Signs to Look Out For When a Goat is Sick or Unwell

If your goat is showing signs of illness or unusual behavior, such as not eating, having a hot udder, limping or staggering, or having a runny nose or eyes, it’s important to take immediate action and seek veterinary care.

These symptoms could indicate a range of health issues, from infections to nutritional deficiencies.

Not eating could be a sign of a larger problem, as goats have a hearty appetite. A hot udder may indicate mastitis, a painful infection that requires prompt treatment. Limping or staggering could be a result of injury or a hoof-related issue. And a runny nose or eyes may indicate respiratory problems.

Ready to goat?

In conclusion, taking care of goats requires proper knowledge and preparation. From providing a sturdy shelter to creating functional feeders, it’s important to address their needs to ensure their well-being.

Additionally, having essential healthcare supplies on hand is crucial for addressing any potential issues. Remember, ‘an ounce of prevention is worth a pound of cure.’ By being proactive and meeting the needs of your goats, you can create a comfortable and healthy environment for them to thrive.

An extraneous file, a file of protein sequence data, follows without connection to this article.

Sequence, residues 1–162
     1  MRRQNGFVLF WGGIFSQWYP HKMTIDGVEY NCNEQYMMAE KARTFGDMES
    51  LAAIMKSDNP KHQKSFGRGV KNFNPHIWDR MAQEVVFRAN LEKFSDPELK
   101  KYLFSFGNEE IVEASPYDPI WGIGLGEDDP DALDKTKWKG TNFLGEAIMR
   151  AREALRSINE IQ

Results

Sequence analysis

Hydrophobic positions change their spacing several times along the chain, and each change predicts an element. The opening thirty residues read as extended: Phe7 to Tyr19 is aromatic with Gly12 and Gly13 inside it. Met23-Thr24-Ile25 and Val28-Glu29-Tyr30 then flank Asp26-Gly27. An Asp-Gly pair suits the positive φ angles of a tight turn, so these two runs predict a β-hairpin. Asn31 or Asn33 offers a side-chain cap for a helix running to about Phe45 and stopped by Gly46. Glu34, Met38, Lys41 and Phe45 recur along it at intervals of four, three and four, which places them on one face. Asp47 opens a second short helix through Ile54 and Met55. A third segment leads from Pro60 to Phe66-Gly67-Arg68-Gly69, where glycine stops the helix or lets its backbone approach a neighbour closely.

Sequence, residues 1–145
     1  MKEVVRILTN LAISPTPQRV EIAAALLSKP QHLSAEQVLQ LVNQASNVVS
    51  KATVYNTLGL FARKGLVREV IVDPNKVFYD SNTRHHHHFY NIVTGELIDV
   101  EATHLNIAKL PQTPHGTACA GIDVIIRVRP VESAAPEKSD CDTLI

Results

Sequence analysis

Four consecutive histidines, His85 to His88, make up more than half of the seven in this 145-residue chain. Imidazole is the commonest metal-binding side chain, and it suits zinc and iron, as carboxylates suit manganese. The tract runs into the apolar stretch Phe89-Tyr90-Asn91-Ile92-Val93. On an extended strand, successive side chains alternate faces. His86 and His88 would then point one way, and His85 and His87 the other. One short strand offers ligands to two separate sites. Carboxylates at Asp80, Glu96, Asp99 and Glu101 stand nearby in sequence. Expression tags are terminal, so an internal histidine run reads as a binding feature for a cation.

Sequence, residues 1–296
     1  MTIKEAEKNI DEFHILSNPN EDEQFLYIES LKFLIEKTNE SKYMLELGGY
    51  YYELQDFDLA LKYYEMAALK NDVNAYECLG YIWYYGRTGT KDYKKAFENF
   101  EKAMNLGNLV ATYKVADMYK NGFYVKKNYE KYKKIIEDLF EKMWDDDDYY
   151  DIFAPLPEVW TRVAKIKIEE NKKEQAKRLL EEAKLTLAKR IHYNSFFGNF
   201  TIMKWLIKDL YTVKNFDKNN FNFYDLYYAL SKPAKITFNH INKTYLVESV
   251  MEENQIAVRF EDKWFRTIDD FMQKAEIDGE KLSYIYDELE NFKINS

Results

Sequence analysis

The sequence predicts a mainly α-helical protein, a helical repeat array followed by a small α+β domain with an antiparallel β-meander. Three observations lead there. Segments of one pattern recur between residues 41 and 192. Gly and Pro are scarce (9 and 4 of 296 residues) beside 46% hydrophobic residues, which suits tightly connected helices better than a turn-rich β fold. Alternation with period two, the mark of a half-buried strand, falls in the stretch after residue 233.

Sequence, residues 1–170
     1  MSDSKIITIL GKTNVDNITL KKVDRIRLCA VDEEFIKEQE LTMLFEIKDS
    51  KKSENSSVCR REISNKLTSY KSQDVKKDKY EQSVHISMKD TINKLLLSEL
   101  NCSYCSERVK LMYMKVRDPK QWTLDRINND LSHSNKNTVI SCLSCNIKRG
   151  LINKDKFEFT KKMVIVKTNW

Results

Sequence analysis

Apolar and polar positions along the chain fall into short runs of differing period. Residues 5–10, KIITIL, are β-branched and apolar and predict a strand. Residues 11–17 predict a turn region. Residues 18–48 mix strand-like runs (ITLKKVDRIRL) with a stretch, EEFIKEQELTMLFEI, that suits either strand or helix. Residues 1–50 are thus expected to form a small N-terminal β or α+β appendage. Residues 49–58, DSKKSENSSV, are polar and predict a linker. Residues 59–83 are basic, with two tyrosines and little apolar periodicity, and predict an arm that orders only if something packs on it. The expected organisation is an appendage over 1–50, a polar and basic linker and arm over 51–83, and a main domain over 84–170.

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Disclaimer: The information provided on this blog is for informational and entertainment purposes only. It is not intended to replace or be construed as professional health advice. Always seek the guidance of your doctor or veterinarian before implementing or altering the diet of your backyard animals. The author assumes no responsibility for any adverse effects or consequences resulting from the use of any suggestions, preparations, or procedures discussed on this blog. If you are reading this for the purpose of making major financial or life decisions, please consult a professional before doing so. By reading and using my website, you are agreeing to my terms and conditions. Thanks y’all!